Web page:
The Christmas Break saw Mayor Andrea Horwath acting publicly lead at City Hall, after what seemed a slow start.
The first major public pronouncement was in response to an unconscionable decision by City staff to shut off funds to the City’s only overnight warming centre in the middle of Christmas Eve’s blizzard.
The second is responding to a landlord not providing water in an East Hamilton building.
The first was entirely reactive. The second, while also reactive, is a significant change – past mayors never acted to protect Hamiltonians who rent their housing.
At 7:06 pm on Christmas Eve, with a wind chill of -23 and wind gusting to 60 km/h, Hamilton City Hall declared a -19 windchill to be warm and ended the City’s Cold Alert.
Charles Dickens could not dream up a worse modern-day Scrooge.
The decision to close Hamilton’s only overnight warming centre, The HUB, sparked a public outcry. The public raised funds to keep the centre open and City Hall entered into spin mood trying to justify being the only municipality to cancel its Cold Alert.
The Mayor commented on Boxing Day, and two days later (Dec 28) announced the City will operate and fund warming centres throughout the remainder of this Winter.
The truth of what happened is already obscured in the attempts to deflect blame for the Christmas Eve decision.
City staff claim that cancelling the Cold Alert did not affect The HUB.
The HUB could’ve stayed open, applied for reimbursement consideration, and City staff would’ve approved reimbursement.
City Council passed an urgent motion at the December 1, 2022, Emergency and Community Services meeting adding $125,000 to the budget for overnight warming centres. The direction was clear – the centres were to be open.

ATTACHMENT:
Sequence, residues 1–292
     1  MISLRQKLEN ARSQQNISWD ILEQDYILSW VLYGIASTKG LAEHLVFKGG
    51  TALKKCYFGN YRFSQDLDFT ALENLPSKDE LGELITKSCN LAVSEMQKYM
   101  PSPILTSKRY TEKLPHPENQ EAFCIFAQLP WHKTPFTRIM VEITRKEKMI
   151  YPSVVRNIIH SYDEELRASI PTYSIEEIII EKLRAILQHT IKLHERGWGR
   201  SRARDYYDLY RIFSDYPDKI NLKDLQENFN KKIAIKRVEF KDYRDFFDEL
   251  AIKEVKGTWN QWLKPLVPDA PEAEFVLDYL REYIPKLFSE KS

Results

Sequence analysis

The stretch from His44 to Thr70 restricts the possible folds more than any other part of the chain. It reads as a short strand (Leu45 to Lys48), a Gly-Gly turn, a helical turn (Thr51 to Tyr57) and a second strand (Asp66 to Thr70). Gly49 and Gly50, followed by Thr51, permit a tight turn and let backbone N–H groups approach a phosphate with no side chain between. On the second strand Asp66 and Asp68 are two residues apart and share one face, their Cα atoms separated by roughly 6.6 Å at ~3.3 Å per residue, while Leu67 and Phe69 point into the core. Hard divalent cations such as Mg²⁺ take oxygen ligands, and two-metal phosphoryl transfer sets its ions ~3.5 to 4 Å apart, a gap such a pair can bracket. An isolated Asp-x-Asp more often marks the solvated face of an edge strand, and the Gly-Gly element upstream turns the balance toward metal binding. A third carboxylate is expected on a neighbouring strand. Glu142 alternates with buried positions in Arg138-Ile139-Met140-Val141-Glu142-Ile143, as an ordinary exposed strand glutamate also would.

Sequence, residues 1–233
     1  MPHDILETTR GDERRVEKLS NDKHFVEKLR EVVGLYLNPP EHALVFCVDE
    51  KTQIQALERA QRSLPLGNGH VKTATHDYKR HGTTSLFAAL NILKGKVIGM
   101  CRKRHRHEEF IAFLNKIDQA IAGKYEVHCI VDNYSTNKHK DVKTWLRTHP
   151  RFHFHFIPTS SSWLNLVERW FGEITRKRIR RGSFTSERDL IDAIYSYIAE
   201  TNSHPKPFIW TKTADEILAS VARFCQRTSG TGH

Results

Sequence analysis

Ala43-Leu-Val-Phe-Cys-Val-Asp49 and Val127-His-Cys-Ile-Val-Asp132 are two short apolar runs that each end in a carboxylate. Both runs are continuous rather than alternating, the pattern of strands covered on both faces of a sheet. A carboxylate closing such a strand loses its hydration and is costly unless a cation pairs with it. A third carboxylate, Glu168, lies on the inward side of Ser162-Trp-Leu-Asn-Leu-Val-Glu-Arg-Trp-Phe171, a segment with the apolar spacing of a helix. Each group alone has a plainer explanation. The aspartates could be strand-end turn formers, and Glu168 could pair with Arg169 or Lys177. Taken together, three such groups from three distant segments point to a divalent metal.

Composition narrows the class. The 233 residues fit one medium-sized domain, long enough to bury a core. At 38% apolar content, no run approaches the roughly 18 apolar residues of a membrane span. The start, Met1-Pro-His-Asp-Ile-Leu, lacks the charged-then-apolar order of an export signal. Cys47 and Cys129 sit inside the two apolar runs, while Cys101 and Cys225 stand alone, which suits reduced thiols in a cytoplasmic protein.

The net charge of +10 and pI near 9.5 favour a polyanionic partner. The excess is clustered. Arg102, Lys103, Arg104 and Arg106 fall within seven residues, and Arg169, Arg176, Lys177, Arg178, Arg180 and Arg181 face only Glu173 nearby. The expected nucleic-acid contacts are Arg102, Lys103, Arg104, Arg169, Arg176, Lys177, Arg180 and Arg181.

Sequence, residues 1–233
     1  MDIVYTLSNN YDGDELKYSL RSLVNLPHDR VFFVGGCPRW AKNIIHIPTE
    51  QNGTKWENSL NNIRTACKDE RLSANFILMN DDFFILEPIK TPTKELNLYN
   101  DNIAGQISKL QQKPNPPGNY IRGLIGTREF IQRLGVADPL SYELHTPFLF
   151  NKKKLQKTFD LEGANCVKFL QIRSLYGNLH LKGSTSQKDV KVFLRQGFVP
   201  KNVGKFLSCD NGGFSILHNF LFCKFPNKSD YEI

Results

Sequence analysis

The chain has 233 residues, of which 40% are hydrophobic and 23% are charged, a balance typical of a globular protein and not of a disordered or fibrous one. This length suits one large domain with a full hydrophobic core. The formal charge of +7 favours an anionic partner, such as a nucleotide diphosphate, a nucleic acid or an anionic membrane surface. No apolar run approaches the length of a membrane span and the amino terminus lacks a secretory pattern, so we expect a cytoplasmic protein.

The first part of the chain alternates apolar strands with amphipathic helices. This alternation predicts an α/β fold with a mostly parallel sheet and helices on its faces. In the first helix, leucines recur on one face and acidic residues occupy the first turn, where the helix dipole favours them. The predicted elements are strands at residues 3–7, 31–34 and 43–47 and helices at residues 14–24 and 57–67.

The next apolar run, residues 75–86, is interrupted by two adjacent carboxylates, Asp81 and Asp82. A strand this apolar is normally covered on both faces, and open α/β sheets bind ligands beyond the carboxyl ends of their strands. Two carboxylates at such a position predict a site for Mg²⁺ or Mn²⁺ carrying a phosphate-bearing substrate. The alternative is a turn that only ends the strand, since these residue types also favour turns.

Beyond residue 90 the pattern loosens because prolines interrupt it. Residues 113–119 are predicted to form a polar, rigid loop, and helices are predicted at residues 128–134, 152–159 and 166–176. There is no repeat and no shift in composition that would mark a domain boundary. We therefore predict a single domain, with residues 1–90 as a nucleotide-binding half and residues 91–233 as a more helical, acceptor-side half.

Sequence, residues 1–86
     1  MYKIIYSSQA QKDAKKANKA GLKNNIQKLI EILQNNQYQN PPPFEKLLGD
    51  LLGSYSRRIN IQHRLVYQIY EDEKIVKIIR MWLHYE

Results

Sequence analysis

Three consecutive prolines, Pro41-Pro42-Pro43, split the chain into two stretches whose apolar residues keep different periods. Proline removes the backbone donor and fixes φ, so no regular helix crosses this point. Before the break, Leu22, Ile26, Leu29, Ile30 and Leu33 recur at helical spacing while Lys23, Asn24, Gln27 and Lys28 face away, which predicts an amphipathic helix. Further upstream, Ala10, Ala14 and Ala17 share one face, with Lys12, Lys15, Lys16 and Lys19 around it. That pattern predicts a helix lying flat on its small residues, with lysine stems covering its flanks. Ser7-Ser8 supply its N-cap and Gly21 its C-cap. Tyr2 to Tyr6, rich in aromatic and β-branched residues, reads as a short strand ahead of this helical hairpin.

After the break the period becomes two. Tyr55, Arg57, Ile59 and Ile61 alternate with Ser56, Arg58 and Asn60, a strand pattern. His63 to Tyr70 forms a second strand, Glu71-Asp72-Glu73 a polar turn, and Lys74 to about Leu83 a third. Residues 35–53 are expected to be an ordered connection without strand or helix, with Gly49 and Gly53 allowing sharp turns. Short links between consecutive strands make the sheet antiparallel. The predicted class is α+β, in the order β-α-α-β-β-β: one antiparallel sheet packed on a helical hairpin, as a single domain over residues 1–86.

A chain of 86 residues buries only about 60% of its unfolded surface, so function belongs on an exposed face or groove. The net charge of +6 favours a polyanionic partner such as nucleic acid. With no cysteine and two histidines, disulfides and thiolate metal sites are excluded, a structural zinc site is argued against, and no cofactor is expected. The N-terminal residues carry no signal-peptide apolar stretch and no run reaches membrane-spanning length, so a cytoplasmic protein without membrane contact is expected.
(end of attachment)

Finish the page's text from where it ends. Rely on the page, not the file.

Hamilton’s unhoused population is increasing. Emergency shelters are full and turning people away. People are desperately trying to find create ad-hoc shelter from the elements. Renovictions continue to drive people into homelessness.
For too long, City Hall has seemingly ignored the plight of renoviction.
In fact, the City supported renovictions with financial incentives.
December 30th’s CHCH newscast aired an all too familiar story, a landlord failing to provide essential services to their tenants.
The same tenants the landlord is trying to renovict. City staff did not provide comment to CHCH.
In a change from past practice, Mayor Horwath quickly commented after CHCH reported the story.
“I’m very disturbed by the situation at 1083 Main St. E. and have asked City staff to do everything possible to ensure people have access to water which is a necessity of life and a basic human right,” Mayor Horwath tweeted.
On January 1st, the Mayor updated the City was delivering water to the residents.
“I will continue to monitor the situation and take immediate action as appropriate to ensure community members have access to vital services in their homes. We are continuing to explore all avenues we can at the municipal level,” the Mayor tweeted.
These decisions signal to City staff that priorities are changing.
Cancelling a Cold Alert saved $3000. Not enforcing property standards saved money. If money is what is measured, these are the expected outcomes.
We know people can freeze to death in the cold. We know people suffer when the City does not enforce property standards.
If the measure is public service, the outcomes serve people.
Prioritizing people saves more money in the long-term.
Preventing hospitalizations and homelessness is a good public policy, no matter how you view it.
Production Details v. 1.0.0 Published: January 9, 2023 Last edited: January 9, 2023 Author: Joey Coleman Edit Record v. 1.0.0 original version